The first company to sequence the genome of 100 centenarians will win a prize of $10 million. Though the "competition" was initially announced in 2006, it was only on this very Monday that the first company (Ion Torrent) signed up to compete. Obviously if it stays like this one horse race, then they will definitely win (as they aren't competing against anyone).
Due to the developments in genetic sequencing, the process is becoming cheaper and relatively more accurate than it was even in 2006, which still appears to us mere Explorers, as being a fairly modern year. The CEO of Ion Torrent has claimed that he has a machine which can sequence an ENTIRE genome in a day for a tidy sum of $1000.
So what does this mean for us? Well they could possibly uncover a genetic key which unlocks the question of how only a small minority of people live to celebrate their 100th birthday and beyond. I guess Explorers this could be seen as both positive and negative. Obviously it's positive as it is a development in genome sequencing and genetics, however there is also a negative side to this. Should we really know the nitty-gritty of why and how we age?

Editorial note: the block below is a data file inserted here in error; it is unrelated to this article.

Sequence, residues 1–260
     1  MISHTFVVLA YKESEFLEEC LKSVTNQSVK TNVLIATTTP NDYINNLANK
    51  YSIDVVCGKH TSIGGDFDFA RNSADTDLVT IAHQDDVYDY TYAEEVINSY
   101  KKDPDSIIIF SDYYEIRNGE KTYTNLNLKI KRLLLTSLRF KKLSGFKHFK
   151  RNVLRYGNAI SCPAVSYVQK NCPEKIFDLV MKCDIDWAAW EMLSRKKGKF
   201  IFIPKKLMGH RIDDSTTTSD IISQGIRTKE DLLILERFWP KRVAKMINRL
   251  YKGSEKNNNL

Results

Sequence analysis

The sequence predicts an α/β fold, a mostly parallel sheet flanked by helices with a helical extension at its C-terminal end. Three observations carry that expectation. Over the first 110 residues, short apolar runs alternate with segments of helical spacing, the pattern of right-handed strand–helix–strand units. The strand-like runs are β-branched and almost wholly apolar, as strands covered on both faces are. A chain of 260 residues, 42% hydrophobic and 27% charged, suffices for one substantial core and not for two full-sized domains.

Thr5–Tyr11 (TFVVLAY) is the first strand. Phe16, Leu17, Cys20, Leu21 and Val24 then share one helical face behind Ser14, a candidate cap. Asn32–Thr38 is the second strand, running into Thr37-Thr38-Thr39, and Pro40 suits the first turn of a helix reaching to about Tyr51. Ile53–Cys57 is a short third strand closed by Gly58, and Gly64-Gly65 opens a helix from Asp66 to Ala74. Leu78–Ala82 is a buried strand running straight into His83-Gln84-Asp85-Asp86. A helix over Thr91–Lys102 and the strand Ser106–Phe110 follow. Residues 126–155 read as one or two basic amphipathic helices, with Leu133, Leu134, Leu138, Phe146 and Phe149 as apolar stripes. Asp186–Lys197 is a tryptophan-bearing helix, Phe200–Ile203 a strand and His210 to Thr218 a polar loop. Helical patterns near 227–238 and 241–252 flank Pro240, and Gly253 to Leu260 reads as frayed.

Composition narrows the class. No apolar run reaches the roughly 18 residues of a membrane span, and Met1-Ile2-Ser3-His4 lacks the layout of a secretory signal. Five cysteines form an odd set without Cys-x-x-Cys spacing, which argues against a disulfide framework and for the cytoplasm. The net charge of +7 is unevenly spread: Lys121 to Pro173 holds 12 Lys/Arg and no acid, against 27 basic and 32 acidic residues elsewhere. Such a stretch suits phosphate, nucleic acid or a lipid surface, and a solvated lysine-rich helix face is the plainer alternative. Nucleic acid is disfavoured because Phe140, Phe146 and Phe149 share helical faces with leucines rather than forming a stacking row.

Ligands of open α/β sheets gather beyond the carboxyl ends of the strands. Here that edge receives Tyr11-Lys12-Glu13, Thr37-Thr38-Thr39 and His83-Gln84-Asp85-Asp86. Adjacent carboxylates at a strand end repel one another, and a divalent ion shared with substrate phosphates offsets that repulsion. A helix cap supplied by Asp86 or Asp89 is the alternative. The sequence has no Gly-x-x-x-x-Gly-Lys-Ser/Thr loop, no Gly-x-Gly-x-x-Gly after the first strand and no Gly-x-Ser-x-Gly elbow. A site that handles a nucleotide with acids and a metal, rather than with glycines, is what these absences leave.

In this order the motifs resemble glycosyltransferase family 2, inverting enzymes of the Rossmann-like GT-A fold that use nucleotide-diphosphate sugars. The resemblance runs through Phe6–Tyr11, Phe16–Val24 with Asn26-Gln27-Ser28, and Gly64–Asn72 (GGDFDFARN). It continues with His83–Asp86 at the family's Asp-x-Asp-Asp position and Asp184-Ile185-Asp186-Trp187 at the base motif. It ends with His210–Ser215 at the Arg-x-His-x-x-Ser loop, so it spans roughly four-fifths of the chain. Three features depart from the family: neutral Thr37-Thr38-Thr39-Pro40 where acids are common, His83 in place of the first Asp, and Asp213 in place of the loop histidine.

Well if the 100 year war was anything to go by perhaps this genome war will also be short lived.